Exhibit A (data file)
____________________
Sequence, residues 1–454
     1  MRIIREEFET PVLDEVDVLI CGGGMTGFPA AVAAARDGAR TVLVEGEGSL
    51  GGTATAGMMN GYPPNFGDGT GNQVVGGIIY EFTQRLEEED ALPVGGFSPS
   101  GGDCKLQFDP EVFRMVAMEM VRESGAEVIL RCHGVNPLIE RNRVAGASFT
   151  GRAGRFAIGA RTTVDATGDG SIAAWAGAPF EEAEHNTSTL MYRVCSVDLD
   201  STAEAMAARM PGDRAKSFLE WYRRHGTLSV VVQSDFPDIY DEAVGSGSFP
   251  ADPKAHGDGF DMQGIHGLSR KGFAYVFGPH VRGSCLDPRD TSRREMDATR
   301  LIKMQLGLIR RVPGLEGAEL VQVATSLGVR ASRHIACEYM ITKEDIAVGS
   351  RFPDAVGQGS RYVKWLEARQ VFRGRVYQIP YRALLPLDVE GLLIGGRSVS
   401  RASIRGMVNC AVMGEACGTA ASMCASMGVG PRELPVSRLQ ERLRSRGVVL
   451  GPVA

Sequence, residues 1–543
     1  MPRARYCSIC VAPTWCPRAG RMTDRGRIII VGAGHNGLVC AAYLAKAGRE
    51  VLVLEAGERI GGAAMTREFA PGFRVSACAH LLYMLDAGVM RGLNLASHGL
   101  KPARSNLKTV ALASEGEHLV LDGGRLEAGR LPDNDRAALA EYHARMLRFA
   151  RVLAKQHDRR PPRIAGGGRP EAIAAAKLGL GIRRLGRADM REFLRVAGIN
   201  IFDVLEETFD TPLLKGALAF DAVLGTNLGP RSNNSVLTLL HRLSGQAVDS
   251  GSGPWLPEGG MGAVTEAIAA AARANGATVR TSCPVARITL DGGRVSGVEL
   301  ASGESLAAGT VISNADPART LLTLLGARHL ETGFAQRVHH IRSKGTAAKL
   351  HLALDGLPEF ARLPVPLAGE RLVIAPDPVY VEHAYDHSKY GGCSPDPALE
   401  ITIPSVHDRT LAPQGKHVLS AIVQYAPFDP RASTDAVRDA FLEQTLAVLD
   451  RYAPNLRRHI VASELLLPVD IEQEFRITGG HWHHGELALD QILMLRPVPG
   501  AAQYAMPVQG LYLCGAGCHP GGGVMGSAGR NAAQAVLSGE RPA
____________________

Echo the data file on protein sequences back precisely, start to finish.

Sequence, residues 1–454
     1  MRIIREEFET PVLDEVDVLI CGGGMTGFPA AVAAARDGAR TVLVEGEGSL
    51  GGTATAGMMN GYPPNFGDGT GNQVVGGIIY EFTQRLEEED ALPVGGFSPS
   101  GGDCKLQFDP EVFRMVAMEM VRESGAEVIL RCHGVNPLIE RNRVAGASFT
   151  GRAGRFAIGA RTTVDATGDG SIAAWAGAPF EEAEHNTSTL MYRVCSVDLD
   201  STAEAMAARM PGDRAKSFLE WYRRHGTLSV VVQSDFPDIY DEAVGSGSFP
   251  ADPKAHGDGF DMQGIHGLSR KGFAYVFGPH VRGSCLDPRD TSRREMDATR
   301  LIKMQLGLIR RVPGLEGAEL VQVATSLGVR ASRHIACEYM ITKEDIAVGS
   351  RFPDAVGQGS RYVKWLEARQ VFRGRVYQIP YRALLPLDVE GLLIGGRSVS
   401  RASIRGMVNC AVMGEACGTA ASMCASMGVG PRELPVSRLQ ERLRSRGVVL
   451  GPVA

Sequence, residues 1–543
     1  MPRARYCSIC VAPTWCPRAG RMTDRGRIII VGAGHNGLVC AAYLAKAGRE
    51  VLVLEAGERI GGAAMTREFA PGFRVSACAH LLYMLDAGVM RGLNLASHGL
   101  KPARSNLKTV ALASEGEHLV LDGGRLEAGR LPDNDRAALA EYHARMLRFA
   151  RVLAKQHDRR PPRIAGGGRP EAIAAAKLGL GIRRLGRADM REFLRVAGIN
   201  IFDVLEETFD TPLLKGALAF DAVLGTNLGP RSNNSVLTLL HRLSGQAVDS
   251  GSGPWLPEGG MGAVTEAIAA AARANGATVR TSCPVARITL DGGRVSGVEL
   301  ASGESLAAGT VISNADPART LLTLLGARHL ETGFAQRVHH IRSKGTAAKL
   351  HLALDGLPEF ARLPVPLAGE RLVIAPDPVY VEHAYDHSKY GGCSPDPALE
   401  ITIPSVHDRT LAPQGKHVLS AIVQYAPFDP RASTDAVRDA FLEQTLAVLD
   451  RYAPNLRRHI VASELLLPVD IEQEFRITGG HWHHGELALD QILMLRPVPG
   501  AAQYAMPVQG LYLCGAGCHP GGGVMGSAGR NAAQAVLSGE RPA